Becoming a Tiger: How Baby Animals Learn to Live in the Wild
HarperCollins, 2004 (2004)
Read an Excerpt
Reviewed by Hilary Williamson
Becoming a Tiger
, Susan McCarthy, co-author of
When Elephants Weep
, explains to us, with wit and humor, how animals learn to be what they were born to be. How does '
a fuzzy, stumbling tiger kitten
' become '
a monstrously efficient killer
'? McCarthy tells us that the learning required '
is the ultimate combination of nature and nurture
'. She cites research involving a wide range of critters, organizing it into different aspects of learning, such as '
Learning Your Species
How Not to be Eaten
', and '
How to Pass It On
e read about otter experimentation; trial and error learning in young herring gulls; imitation amongst cats, dogs and dolphins; play behavior in keas; signing and nonvocal communication amongst chimps, gorillas and orangutans; personality variation amongst octopuses; elephant self-medication and midwifery; bonobo invention of rain hats; innovations developed by apes digging for termites; song fads amongst humpback whales; bowerbird artistic expression; a cultural cooperation in a human-dolphin fishery that has gone on since 1847; and much, much more. Did you ever wonder how an elephant learns to use its trunk properly? It's described in this book, and the mostly serious material is lightened by accounts of various comedies of errors, from '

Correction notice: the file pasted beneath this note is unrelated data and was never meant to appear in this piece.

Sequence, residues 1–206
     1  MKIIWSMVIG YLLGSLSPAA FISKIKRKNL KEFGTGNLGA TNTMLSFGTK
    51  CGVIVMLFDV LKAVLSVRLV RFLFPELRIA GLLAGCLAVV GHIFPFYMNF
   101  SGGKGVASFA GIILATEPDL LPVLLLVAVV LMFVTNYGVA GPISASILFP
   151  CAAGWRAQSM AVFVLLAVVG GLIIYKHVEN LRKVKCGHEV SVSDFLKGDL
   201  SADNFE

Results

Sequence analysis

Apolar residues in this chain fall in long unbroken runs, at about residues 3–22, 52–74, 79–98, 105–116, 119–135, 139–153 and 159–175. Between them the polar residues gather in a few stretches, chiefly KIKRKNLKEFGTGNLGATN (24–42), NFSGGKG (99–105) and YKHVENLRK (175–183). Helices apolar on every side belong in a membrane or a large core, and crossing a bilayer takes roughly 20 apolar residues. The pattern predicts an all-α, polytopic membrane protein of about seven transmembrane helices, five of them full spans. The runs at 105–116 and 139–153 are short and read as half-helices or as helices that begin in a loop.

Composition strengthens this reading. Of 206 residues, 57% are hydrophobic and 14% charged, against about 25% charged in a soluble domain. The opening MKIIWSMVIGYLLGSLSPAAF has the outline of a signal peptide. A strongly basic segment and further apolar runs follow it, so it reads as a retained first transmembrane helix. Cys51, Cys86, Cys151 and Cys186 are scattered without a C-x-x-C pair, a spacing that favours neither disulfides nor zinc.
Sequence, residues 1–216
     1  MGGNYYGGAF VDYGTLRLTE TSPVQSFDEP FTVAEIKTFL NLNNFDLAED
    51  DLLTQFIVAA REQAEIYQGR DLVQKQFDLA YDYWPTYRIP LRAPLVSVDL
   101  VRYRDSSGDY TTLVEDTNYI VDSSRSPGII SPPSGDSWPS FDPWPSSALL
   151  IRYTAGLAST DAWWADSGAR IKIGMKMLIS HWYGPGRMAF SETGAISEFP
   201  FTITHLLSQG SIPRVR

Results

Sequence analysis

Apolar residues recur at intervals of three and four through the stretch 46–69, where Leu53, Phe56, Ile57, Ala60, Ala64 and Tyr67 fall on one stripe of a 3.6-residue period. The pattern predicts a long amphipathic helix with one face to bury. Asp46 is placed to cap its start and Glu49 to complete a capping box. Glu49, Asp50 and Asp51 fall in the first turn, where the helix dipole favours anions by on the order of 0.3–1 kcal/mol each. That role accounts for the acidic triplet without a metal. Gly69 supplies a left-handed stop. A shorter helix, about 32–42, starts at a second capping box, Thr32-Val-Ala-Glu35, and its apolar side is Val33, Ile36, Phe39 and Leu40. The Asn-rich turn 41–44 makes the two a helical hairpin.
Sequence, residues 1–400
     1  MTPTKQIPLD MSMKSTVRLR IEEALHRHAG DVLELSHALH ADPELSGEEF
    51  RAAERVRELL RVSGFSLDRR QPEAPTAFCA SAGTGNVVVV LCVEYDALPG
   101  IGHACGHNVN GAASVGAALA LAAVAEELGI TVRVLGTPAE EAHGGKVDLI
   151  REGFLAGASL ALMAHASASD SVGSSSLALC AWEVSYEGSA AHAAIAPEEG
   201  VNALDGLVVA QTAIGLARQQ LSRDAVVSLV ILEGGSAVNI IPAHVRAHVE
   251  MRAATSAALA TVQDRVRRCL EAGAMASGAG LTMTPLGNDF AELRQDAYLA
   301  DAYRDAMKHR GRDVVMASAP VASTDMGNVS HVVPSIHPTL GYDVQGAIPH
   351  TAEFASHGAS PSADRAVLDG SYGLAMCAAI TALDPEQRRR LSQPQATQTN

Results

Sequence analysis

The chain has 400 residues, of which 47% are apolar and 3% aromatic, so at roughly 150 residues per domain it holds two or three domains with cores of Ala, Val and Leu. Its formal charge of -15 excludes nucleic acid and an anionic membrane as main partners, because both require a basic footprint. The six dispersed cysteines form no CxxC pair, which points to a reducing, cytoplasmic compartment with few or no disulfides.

', to the lioness who persisted in raising an oryx calf, or the ravens who mimicked explosions and flushing toilets.
any examples underline the importance of active learning in different species, and there is a fascinating discussion of teaching amongst nonhumans - '
opportunity teaching, coaching, and active teaching.
' I enjoyed reading about '
' and also about different animal cultures, noting that '
The shortcut that is culture allows animals to learn things their predecessors have learned without having to take as much time or run as many risks.
' The final chapter on '
What Learning Tells Us About Intelligence
' is especially intriguing, including chimp Koko's consistent score of 70-90 on age-graded (human) IQ tests. McCarthy talks about repeated failures to find unique rules that differentiate Man from other animals, suggesting that perhaps instead '
what's different about us is quantity. We're unusually smart, we're really chatty, and we've taken the tool thing to ridiculous extremes.
Becoming a Tiger
, one feels that the author is cheering all the animals on, in their learning and self-expression. Susan McCarthy's detailed accounts of animal behavior will fascinate, delight, and entertain both animal lovers and students of animal psychology.
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